Common Tongues are a Brighton-based five-piece indie-folk band that have been around for a while now, racking up multiple venue and festival appearances across the UK and Europe.
With their debut album ‘Divisions’ they’ve adopted an experimental approach, adding electronic instrumentation and a more powerful and progressive timbre to their work. It’s still indie-folk music – indeed they’ve got something in common with the recently-reviewed Cattle & Cane – but not as we know it, Captain.
The album took two years in the making and you can tell pretty quickly that some care as been lavished on it. Opening track ‘New Moon’ starts off as a regular folk piece but as soon as Tom Anderson’s rich raspy vocals cut in – his voice is not dissimilar at times from that of prog rocker Roger Chapman of Family – along with some fairly intricate guitar and keyboard work, you know this isn’t going to be typical ‘folk night’ fare.
There’s something of the 1970s about ‘Overturning’, with its complex, King Crimson-like arrangement and underlying keyboard melody you can’t shake off while ‘It Doesn’t Last Forever’ slows down into ballad territory before powering up towards the end as guitar and keyboards once again magically intertwine.
‘Accomplish’ takes them back to their folk roots but a degree of experimentation finds its way into the second half of the song in the form of a variety of electronic embellishments before ambient ear-pleasing electronics take over entirely for the final minute. Some bands and solo artists have the ability to mix folk and electronics in this fashion; Common Tongues certainly can.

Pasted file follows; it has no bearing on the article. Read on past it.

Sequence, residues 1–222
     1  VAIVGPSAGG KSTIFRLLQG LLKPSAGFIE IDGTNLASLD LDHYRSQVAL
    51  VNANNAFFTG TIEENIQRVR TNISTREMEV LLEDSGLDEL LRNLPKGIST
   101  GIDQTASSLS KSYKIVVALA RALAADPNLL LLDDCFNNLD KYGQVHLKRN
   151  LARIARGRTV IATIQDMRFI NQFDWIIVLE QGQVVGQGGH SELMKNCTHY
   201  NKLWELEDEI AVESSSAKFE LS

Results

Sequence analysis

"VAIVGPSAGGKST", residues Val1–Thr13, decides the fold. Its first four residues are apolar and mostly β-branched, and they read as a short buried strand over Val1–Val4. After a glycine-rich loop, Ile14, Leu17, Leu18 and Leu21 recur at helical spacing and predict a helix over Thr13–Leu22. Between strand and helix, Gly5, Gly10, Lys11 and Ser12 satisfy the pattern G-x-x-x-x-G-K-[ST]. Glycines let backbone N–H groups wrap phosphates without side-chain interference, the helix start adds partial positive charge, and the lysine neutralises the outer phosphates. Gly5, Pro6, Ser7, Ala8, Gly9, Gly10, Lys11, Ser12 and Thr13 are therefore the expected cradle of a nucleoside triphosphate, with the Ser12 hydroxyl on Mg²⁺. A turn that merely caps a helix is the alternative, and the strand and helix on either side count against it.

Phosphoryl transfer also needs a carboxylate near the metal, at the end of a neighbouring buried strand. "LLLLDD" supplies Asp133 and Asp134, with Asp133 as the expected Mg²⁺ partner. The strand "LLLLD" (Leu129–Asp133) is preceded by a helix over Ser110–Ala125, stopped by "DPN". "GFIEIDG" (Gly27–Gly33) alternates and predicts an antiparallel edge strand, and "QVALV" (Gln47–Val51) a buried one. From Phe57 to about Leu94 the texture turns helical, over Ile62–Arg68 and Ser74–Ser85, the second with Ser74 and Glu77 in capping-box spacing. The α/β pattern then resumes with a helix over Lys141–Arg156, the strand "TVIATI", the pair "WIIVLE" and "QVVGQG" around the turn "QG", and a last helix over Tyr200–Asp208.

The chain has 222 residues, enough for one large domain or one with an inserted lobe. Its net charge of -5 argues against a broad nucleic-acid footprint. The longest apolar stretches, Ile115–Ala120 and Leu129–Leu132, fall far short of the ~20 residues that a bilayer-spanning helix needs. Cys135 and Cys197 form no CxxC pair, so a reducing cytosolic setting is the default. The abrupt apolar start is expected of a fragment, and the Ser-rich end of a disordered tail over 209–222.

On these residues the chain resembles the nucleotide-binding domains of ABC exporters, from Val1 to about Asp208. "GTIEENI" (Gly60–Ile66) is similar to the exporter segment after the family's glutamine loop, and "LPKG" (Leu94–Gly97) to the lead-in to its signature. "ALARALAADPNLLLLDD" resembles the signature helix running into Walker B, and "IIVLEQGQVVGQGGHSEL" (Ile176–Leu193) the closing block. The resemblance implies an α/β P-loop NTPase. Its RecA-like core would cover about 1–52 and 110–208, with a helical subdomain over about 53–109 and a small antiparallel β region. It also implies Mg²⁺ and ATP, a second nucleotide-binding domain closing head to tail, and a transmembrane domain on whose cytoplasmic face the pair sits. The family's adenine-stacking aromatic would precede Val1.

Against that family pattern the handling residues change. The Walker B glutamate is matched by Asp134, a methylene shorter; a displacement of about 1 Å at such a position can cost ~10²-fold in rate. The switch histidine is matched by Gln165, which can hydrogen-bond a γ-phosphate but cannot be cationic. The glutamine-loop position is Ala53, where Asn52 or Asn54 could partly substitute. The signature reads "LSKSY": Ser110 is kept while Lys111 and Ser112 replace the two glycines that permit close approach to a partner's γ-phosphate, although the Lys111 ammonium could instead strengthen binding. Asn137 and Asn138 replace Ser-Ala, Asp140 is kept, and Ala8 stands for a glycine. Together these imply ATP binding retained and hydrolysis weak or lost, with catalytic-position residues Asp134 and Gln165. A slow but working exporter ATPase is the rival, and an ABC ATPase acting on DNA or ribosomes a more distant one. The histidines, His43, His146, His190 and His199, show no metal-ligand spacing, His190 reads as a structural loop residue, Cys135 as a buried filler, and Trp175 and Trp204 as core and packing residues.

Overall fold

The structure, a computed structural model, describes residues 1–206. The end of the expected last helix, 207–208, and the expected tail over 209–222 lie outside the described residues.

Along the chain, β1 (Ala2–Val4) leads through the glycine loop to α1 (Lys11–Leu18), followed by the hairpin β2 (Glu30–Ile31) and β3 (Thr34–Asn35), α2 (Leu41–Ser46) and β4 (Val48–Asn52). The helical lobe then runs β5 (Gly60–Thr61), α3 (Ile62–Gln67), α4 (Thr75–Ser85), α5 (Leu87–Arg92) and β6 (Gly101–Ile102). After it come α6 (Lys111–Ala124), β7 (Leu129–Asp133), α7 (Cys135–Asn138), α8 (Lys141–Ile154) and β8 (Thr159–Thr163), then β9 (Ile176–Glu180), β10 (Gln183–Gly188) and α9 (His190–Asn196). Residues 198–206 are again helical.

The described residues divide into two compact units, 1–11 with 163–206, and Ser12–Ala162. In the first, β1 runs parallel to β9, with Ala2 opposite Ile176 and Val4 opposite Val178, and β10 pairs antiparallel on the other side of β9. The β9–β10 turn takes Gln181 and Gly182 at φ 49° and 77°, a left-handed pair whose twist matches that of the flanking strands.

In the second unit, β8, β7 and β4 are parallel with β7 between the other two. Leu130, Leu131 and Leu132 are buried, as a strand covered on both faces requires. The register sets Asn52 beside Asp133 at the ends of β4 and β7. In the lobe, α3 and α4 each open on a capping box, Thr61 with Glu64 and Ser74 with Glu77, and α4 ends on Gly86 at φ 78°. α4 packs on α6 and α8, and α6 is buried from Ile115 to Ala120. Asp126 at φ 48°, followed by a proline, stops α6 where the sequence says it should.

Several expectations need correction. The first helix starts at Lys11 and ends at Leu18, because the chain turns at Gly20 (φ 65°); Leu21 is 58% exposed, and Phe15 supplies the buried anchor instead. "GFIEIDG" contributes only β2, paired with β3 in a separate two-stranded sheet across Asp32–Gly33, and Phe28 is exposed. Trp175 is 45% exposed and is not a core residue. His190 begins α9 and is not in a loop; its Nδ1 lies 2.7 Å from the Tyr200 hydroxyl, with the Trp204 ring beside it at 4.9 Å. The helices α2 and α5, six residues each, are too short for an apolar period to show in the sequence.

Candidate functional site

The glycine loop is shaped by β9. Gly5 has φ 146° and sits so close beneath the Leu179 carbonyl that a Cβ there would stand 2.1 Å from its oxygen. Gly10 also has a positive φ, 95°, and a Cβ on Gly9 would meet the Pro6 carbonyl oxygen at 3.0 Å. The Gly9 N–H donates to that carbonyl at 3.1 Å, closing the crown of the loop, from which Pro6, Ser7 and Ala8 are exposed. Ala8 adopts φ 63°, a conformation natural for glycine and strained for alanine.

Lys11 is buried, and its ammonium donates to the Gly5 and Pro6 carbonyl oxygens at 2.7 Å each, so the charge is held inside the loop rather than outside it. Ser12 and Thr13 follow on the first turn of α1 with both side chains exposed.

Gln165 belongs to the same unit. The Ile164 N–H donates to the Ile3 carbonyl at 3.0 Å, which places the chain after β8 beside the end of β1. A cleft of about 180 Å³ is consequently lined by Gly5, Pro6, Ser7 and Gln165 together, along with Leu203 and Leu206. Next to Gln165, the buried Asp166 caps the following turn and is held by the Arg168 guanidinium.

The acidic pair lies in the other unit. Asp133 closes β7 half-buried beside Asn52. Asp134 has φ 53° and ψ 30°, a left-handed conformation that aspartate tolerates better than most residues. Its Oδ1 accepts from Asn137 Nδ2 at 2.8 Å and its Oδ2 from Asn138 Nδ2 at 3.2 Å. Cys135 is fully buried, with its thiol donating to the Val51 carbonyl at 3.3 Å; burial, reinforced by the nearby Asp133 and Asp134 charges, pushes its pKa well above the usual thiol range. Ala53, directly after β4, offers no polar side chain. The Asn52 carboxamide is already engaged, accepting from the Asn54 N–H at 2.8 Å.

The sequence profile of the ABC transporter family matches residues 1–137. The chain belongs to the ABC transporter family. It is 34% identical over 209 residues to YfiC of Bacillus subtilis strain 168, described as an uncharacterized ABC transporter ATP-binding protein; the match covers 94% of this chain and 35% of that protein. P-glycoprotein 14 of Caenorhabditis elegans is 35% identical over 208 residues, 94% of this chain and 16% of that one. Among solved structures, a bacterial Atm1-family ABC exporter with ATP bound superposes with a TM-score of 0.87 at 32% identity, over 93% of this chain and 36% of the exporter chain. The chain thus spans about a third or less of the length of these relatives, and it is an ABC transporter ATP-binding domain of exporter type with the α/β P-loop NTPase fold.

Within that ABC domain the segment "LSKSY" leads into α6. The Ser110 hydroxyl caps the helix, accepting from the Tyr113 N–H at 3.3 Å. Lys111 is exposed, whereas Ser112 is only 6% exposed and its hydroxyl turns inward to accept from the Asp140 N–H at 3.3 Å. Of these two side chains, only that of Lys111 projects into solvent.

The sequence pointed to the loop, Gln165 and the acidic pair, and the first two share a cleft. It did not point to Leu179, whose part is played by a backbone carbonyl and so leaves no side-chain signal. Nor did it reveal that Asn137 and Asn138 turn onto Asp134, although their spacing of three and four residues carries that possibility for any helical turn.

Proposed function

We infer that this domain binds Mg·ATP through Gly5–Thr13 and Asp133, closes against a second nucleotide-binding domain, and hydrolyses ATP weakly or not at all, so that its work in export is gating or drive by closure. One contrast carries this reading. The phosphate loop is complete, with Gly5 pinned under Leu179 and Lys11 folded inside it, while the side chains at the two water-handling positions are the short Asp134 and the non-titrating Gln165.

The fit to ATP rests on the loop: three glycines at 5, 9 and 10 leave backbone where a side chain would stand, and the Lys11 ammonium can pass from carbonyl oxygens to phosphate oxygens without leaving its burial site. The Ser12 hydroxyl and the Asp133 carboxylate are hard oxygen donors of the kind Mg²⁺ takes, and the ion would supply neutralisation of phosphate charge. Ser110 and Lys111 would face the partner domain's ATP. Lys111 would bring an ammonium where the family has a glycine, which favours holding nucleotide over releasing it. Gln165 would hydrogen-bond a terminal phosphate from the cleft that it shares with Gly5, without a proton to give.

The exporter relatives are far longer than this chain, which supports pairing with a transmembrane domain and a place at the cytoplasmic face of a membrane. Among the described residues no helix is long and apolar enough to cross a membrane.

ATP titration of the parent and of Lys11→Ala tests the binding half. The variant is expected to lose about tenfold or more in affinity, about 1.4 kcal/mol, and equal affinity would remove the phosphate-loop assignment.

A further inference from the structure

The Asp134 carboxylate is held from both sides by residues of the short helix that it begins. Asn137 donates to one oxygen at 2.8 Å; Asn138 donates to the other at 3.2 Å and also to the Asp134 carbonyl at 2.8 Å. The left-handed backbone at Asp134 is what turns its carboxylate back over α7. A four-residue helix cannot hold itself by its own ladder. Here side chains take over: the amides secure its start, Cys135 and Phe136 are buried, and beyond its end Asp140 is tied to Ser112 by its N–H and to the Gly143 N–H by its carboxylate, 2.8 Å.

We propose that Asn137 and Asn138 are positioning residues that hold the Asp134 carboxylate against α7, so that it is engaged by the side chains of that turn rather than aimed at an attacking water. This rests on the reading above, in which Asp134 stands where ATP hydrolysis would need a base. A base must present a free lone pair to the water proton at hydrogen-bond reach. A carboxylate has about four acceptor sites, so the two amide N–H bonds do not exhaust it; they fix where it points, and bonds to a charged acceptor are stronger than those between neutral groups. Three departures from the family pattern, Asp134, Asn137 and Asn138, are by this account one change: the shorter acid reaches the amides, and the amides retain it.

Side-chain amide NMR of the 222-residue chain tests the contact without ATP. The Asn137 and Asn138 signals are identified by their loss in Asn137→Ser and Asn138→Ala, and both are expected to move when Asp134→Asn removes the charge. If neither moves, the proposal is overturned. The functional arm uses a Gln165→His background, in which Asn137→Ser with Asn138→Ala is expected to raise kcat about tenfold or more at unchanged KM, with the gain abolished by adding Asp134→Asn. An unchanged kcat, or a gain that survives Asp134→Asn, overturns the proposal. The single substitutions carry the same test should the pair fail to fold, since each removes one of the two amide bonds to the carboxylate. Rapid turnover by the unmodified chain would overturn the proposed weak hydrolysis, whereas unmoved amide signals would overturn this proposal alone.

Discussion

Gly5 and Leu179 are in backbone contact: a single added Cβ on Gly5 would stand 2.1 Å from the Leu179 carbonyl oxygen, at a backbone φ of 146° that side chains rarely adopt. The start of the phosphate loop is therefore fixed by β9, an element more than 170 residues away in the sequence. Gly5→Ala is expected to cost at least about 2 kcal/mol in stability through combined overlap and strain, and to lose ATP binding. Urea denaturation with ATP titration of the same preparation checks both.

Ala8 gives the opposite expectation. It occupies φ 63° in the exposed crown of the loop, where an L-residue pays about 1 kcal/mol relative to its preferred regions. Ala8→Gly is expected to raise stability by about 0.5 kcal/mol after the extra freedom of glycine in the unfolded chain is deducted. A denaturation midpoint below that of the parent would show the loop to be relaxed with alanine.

‘Picture a Scene’ is a bit of a mish-mash, a complexly constructed song but one that lacks form and melody and plods a little towards the end to a simple riff but the almost five-minute long ‘Pioneer’, which was released as a single in May, makes up for it with powerfully delivered vocals from Anderson. Following a slow acoustic guitar introduction, it changes direction several times with a nice piece of violin work from Andrew Stuart-Buttle and another King Crimson-like passage before it ends up sounding so close to Cattle & Cane’s latest album that the only thing missing is Helen Hammill’s contrasting vocals. That’s not to criticise. The analogy is with a very good band.
‘Dogs’ is an acoustic ballad until it picks up a strong bass riff part way through. There’s so much going on musically in ‘Donate’ – percussion, harmonised voices, guitars, overlaid keys – that it is in danger of detracting from the message of the song; perhaps a case of less is more. Final track ‘Backs Against the Wall’ starts off with a submarine sonar sound followed by the same four piano notes as on Choir of Young Believers’ Hollow Talk (the theme tune to The Bridge). Once the shock recedes this becomes a haunting track with just the right mix of instrumentation, a great marching beat on the snare drum (I’m always a sucker for those) and in my opinion the best on the album.
Divisions is a solid debut album from a band which evidently knows what it is doing and which deserves wider recognition. It might be a little overproduced in parts but the musicianship alone will ensure you keep coming back to it.
Divisions is out now